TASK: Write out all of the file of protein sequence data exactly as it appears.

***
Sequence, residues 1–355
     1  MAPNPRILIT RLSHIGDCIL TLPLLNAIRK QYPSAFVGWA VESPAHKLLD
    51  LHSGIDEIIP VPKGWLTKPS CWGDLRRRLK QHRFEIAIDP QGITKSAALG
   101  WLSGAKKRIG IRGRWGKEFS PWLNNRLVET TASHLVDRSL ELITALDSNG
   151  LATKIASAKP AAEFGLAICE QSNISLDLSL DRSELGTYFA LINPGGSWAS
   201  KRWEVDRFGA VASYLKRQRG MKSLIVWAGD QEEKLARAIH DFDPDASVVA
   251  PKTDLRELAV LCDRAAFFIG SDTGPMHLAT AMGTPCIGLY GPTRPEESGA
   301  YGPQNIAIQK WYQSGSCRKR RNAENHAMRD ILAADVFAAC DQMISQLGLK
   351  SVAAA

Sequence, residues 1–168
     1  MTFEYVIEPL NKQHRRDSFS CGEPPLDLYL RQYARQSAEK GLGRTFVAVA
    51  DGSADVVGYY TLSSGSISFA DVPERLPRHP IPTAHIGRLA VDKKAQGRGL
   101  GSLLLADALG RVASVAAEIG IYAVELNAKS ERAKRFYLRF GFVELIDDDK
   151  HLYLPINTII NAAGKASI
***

Sequence, residues 1–355
     1  MAPNPRILIT RLSHIGDCIL TLPLLNAIRK QYPSAFVGWA VESPAHKLLD
    51  LHSGIDEIIP VPKGWLTKPS CWGDLRRRLK QHRFEIAIDP QGITKSAALG
   101  WLSGAKKRIG IRGRWGKEFS PWLNNRLVET TASHLVDRSL ELITALDSNG
   151  LATKIASAKP AAEFGLAICE QSNISLDLSL DRSELGTYFA LINPGGSWAS
   201  KRWEVDRFGA VASYLKRQRG MKSLIVWAGD QEEKLARAIH DFDPDASVVA
   251  PKTDLRELAV LCDRAAFFIG SDTGPMHLAT AMGTPCIGLY GPTRPEESGA
   301  YGPQNIAIQK WYQSGSCRKR RNAENHAMRD ILAADVFAAC DQMISQLGLK
   351  SVAAA

Sequence, residues 1–168
     1  MTFEYVIEPL NKQHRRDSFS CGEPPLDLYL RQYARQSAEK GLGRTFVAVA
    51  DGSADVVGYY TLSSGSISFA DVPERLPRHP IPTAHIGRLA VDKKAQGRGL
   101  GSLLLADALG RVASVAAEIG IYAVELNAKS ERAKRFYLRF GFVELIDDDK
   151  HLYLPINTII NAAGKASI